Every employer at some time or another will have struggled with their conscience when preparing a reference for a departing or former member of staff. What exactly is the extent of their legal responsibility and duty of care when expressing an opinion in a job reference?
The High Court recently provided some useful clarification on this in a case where a reference went beyond statements of fact and included opinions related to a previous internal investigation. Of course, we absolutely appreciate that any reference provided must be carried out with care and should be true, accurate and fair. Any failure in this regard can expose the relevant company to a potential claim.
Mr Hincks was an independent financial adviser employed by CIFS with authority to conduct FCA-regulated activities as an appointed representative for Sense Network Ltd. His conduct during his work for Sense Network had sparked a number of investigations at the company.
A reference provided by Sense Network referred to the findings of one of these investigations, mentioning that he had “knowingly and deliberately circumvented” processes which required him to seek pre-approval before giving advice and making transactions. Mr Hincks actions had led to £12,000 worth of compensation pay outs to clients.
Hincks brought a claim against his former employer for negligent misstatement, on the basis that he believed his former employer had not exercised reasonable skill and care to ensure his reference was true, accurate and fair.
The basis of Hincks’ claim was that the opinions expressed in the reference were based on an investigation that had been an “inadequate sham” and therefore gave a misleading impression of him.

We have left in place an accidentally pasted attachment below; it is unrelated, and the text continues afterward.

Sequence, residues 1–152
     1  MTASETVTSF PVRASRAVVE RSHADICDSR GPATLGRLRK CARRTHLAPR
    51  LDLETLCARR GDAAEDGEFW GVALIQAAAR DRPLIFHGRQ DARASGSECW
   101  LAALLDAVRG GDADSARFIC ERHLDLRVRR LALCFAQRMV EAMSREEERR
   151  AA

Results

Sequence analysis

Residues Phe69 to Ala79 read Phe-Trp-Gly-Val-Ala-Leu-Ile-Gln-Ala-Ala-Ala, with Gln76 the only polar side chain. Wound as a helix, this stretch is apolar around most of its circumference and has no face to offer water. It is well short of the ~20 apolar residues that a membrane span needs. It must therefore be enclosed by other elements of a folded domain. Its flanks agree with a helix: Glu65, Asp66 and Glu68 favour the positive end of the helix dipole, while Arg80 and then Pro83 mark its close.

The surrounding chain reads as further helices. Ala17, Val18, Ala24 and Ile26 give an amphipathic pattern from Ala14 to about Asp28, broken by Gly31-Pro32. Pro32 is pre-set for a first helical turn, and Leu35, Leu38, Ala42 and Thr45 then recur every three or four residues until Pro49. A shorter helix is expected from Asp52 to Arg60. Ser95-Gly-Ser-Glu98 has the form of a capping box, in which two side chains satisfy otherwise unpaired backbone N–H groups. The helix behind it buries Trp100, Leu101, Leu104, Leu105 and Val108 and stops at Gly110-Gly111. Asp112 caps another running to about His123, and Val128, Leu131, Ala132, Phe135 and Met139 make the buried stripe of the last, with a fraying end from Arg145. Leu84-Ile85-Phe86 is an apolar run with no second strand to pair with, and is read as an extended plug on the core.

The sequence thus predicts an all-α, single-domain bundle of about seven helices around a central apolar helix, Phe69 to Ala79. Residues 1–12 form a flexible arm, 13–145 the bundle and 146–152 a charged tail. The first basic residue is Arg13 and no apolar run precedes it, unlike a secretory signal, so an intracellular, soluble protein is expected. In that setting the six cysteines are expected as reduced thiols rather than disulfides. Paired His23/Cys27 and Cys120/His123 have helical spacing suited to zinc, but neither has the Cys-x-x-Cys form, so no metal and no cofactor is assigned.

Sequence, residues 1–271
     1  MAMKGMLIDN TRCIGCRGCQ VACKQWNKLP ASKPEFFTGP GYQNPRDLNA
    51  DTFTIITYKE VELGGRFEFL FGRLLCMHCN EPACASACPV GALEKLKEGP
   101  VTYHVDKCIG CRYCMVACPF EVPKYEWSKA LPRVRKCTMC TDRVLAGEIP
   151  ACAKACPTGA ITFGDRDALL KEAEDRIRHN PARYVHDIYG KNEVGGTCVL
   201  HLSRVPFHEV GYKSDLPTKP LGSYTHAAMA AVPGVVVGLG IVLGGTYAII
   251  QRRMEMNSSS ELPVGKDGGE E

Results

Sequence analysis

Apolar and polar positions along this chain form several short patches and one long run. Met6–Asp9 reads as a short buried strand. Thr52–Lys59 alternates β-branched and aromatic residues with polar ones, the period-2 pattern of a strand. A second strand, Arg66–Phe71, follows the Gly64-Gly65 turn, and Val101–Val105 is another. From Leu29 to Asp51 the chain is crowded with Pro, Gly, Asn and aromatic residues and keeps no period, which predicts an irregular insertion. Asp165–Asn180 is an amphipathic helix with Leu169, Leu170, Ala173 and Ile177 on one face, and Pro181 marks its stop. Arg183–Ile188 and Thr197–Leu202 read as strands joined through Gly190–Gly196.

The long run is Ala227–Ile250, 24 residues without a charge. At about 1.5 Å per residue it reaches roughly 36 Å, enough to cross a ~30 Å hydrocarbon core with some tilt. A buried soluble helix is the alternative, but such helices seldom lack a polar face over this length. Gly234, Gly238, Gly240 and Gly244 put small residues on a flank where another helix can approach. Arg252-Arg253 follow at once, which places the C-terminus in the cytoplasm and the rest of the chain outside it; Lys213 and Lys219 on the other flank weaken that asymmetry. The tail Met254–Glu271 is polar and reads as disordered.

The High Court dismissed his claim and in doing so clarified the extent of an employer’s duty when providing a reference.
The Court held that there was evidence to support the statements made by Sense Network Ltd and therefore the reference was neither inaccurate nor misleading.
Employers should take reasonable care to be satisfied that the facts set out in a reference are accurate and that, where an opinion is expressed, there is a proper and legitimate basis for the opinion. Where an opinion is based on a previous investigation, as with Mr Hincks, reasonable care should be taken by the reference writer to understand the basis for the opinion and be satisfied of its legitimate basis.
It is worth reminding ourselves here that in most cases (with the exception of certain statutory requirements such as those within the education and financial sectors) employers are under no obligation to provide a reference at all. In difficult situations, where it may prove tricky to provide a reference that is true, accurate and fair without straying into territory that may require defence at a later stage, employers often choose to restrict themselves to a brief factual statement confirming dates of employment, role and duties. If a decision is taken to give an opinionated reference, employers should be able to back this up if asked to do so with statements obtained during any investigation, appeal details and decisions and any other relevant recorded evidence.
My final comment for senior management would be to implement a consistent approach to reference giving. Any wild departures from otherwise standard responses could attract allegations of discrimination.